Upon successful completion of all workshop activities, participants will be issued a certificate with a suggested 2.0 license renewal credits. The renewal credits represent participant’s attendance at all four workshops, reading and responding to articles on global learning, tracking technology use in the classroom, and completing other outside activities.
“I got more out of this conference than any other I have been to because of all the links and information I can access at anytime through the yahoo group.”
“I’m a visual as well as hands-on learner and I really thought the demonstrations were helpful, especially since we were able to do the ‘hands-on’ ourselves.”
“Allowing us to work with the different programs gave us time to ask questions or brainstorm how we could use it in our classrooms.”
“It is the least expensive conference I have ever gone to and one of the most useful!”
“The workshop exceeded my expectations because we were provided with a wide variety of technological experiences to widen our view of the world and to get in touch with its diverse population.”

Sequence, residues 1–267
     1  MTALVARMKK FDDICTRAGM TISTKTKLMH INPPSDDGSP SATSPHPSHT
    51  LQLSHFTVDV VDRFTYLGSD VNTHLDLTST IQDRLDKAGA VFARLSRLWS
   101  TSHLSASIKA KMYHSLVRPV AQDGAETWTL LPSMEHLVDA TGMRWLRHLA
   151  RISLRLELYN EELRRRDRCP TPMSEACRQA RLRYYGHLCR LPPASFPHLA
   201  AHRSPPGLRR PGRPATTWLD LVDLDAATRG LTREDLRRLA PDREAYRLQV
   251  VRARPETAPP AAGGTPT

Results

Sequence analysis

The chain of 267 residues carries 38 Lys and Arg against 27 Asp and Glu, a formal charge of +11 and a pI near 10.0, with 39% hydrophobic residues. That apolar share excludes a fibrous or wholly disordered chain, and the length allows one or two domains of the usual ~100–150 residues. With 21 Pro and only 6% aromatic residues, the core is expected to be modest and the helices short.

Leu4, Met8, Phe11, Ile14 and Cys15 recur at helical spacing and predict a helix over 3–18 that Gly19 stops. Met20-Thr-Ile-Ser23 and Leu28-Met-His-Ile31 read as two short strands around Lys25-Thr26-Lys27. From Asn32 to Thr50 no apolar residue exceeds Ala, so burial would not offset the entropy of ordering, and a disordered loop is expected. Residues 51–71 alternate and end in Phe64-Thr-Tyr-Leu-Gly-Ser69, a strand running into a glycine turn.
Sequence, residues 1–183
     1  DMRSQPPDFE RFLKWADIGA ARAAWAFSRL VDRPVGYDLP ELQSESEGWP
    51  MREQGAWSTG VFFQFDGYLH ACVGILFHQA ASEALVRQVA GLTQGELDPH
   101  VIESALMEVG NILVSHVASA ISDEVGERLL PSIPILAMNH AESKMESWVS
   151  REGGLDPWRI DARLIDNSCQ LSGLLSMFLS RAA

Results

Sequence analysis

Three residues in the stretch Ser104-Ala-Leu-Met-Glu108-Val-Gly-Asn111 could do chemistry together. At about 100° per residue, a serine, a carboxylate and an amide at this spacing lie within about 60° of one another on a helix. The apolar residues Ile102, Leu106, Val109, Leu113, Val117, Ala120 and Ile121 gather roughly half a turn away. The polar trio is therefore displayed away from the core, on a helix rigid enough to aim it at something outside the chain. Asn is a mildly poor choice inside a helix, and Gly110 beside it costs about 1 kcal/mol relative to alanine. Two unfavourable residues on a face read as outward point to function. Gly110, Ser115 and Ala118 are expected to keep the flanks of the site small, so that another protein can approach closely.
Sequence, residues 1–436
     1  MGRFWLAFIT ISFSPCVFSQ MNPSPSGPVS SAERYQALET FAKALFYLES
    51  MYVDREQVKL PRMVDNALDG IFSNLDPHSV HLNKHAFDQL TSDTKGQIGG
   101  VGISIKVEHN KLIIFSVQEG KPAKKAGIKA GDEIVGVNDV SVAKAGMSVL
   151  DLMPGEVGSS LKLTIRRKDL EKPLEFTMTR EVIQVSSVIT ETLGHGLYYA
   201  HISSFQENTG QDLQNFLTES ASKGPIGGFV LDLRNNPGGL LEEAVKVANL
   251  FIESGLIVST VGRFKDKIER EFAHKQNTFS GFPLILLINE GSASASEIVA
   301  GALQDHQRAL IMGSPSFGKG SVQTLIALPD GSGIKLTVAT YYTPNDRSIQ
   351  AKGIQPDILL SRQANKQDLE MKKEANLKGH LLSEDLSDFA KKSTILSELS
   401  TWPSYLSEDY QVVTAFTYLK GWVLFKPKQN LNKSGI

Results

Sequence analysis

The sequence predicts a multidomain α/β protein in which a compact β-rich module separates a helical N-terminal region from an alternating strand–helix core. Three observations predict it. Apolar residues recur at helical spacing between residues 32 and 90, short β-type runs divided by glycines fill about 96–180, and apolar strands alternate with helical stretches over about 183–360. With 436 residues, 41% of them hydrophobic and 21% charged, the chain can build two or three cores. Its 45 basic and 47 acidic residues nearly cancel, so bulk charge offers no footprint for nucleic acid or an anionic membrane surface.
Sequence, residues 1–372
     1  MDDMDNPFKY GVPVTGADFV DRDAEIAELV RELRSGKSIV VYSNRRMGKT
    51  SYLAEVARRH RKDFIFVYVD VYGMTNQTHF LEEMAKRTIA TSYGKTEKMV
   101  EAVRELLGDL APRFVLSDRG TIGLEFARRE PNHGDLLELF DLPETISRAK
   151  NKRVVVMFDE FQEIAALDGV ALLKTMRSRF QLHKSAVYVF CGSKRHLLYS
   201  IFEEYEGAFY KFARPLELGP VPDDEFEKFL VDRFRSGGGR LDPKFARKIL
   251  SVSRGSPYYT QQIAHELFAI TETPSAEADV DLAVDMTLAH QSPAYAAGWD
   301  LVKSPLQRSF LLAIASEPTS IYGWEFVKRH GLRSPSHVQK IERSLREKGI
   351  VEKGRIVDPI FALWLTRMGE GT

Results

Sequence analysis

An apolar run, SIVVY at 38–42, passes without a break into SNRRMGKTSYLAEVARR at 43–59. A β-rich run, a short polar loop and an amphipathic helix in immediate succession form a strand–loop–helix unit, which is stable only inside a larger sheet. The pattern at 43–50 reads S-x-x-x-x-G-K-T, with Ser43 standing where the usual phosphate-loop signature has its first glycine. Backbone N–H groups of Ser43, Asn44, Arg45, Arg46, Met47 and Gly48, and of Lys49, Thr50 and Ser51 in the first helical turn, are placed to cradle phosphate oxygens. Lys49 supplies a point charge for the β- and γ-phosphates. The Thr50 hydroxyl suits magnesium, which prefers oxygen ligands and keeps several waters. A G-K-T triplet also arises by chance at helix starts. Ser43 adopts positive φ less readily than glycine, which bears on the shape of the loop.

“I left feeling and thinking like a global educator, and ready to inspire my students to be open minded, and culturally aware of the world we live in.”
“I have recommended this workshop to all of my colleagues and hope to generate more awareness. I believe that all teachers should take this workshop in order that we all become unified as global educators!”
The workshop series can be broadcasted to every facility capable of doing video conferencing via IP. Most school districts and many community colleges have such a venue.
If you are interested in participating in the workshops, please approach your Director of Professional Development or Technology and find out whether your school district would like to offer the seminars.
The next step would be to contact Björn Hennings, director of the Carolina Center for Educational Excellence, to get the event organized.